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'Kanashibari', the Japanese term for sleep paralysis, will be performed by Southbank Sinfonia on Thursday 26 September at St John's, Waterloo as part of the ensemble's 'Rush Hour' series at 6pm. 

Sleep paralysis is an incredibly fascinating phenomenon when one temporarily experiences an inability to move when either falling asleep or awaking. This happens when the sleep cycles become out-of-sync with each other and the brain essentially awakes before the body. It is often associated with very real-like visions and hallucinations, such as an intruder in the room or clothes on the floor coming to life, to which one is unable to react due to paralysis. I have been wanting to base a piece on sleep for a while, as it is something to which we can all relate, affecting our everyday lives for the positive or negative whether or not we are aware of it. I found it interesting that most automatically associate sleep with being calm and restful, when in fact it is often a disturbed experience for many of us. Sleep paralysis most certainly is not a restful experience, usually occurring during periods of intense stress.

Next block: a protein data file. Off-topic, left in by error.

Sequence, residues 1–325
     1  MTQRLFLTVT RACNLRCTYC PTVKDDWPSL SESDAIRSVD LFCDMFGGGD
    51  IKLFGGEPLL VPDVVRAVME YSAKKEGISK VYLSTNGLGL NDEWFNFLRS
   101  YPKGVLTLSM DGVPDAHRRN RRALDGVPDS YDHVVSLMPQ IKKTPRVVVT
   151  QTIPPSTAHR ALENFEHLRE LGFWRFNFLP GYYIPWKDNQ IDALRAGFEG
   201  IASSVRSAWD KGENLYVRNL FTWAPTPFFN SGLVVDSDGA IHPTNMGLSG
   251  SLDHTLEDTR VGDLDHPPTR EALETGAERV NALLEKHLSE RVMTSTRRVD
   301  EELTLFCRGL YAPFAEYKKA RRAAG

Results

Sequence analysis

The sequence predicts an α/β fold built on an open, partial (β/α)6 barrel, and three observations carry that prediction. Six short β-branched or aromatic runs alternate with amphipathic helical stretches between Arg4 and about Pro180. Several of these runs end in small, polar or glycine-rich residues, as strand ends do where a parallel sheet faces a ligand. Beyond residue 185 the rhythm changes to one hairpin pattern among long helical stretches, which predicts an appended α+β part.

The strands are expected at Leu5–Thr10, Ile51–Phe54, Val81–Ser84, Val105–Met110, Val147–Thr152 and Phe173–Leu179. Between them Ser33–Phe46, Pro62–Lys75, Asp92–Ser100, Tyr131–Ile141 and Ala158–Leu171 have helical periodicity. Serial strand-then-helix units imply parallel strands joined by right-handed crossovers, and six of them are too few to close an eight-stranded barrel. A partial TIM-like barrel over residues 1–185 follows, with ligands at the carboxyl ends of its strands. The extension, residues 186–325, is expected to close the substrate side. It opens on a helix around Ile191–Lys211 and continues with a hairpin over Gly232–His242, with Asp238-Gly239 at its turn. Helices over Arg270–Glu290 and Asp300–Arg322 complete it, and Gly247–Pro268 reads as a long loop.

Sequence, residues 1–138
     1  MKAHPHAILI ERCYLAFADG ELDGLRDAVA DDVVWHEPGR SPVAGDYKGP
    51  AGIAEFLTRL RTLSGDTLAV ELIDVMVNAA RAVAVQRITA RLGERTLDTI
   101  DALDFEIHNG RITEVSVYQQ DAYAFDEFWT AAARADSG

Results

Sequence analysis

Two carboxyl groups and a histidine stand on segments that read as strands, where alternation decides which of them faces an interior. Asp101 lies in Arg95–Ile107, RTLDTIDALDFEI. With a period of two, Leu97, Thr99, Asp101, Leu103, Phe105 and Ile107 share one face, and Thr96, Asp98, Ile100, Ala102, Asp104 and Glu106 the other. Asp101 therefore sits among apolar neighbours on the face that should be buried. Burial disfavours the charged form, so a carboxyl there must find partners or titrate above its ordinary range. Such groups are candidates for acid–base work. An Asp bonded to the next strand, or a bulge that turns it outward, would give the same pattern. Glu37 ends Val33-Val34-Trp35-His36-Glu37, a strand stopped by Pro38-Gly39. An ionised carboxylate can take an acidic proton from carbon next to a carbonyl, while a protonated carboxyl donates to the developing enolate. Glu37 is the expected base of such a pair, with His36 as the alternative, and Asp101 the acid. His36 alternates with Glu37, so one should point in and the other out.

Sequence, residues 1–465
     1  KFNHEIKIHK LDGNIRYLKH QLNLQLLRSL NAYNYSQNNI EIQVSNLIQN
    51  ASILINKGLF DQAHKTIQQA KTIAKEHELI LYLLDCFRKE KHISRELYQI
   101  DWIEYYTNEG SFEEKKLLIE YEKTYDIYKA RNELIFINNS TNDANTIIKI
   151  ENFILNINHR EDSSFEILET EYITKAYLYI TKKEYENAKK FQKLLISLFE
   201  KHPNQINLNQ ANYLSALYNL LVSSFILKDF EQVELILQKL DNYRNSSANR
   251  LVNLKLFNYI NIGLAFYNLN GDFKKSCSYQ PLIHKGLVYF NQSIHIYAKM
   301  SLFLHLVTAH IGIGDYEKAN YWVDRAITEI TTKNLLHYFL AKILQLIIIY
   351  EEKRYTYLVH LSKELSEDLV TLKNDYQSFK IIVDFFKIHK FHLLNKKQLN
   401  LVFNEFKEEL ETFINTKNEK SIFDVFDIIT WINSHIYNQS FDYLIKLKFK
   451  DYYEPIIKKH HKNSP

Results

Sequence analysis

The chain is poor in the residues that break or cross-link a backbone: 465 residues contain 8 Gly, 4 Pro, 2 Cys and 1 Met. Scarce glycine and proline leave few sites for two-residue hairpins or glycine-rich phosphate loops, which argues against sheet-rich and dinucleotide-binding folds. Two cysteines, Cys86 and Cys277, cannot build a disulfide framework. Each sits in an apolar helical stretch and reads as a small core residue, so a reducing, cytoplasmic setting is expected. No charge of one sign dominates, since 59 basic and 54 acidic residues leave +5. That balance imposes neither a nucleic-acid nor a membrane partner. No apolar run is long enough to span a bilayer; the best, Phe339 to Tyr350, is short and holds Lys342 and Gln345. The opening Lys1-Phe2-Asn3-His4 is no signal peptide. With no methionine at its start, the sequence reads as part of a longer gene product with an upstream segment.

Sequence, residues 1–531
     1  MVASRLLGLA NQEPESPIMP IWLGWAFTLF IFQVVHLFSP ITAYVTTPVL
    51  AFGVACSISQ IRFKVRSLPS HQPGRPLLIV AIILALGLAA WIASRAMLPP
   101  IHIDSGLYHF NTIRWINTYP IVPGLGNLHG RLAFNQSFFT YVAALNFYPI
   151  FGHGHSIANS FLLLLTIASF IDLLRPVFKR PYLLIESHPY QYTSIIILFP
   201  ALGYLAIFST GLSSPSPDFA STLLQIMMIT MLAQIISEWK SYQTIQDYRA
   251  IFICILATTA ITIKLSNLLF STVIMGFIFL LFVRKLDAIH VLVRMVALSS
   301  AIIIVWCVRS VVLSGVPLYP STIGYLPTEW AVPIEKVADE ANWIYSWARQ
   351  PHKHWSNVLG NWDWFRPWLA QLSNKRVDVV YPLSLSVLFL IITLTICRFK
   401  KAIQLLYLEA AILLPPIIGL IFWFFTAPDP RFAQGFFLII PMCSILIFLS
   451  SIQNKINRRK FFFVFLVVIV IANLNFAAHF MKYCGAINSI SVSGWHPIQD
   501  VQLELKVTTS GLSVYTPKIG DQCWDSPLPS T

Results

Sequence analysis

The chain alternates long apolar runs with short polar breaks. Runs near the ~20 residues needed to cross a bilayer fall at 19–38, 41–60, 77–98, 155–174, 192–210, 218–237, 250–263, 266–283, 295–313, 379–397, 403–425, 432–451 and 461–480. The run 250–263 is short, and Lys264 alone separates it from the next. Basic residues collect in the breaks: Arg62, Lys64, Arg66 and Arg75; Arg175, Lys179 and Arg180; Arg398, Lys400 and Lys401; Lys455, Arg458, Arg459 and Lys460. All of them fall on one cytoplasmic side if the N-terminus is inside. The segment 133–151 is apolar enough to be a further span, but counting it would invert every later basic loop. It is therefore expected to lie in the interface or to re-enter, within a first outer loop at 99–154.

The piece depicts an episode of sleep paralysis. The music is mostly energetic to illustrate the extremely heightened experience. In contrast, the opening is still and soothing as though one is falling asleep. It gradually becomes more frenetic to illustrate the sleep cycles becoming out-of-sync. The middle-most section portrays hallucinatory visions of simple everyday items around the bedroom coming to life; creating a curious fantasy dream world, which comes to a sudden halt as the cycles eventually snap back together before waking.

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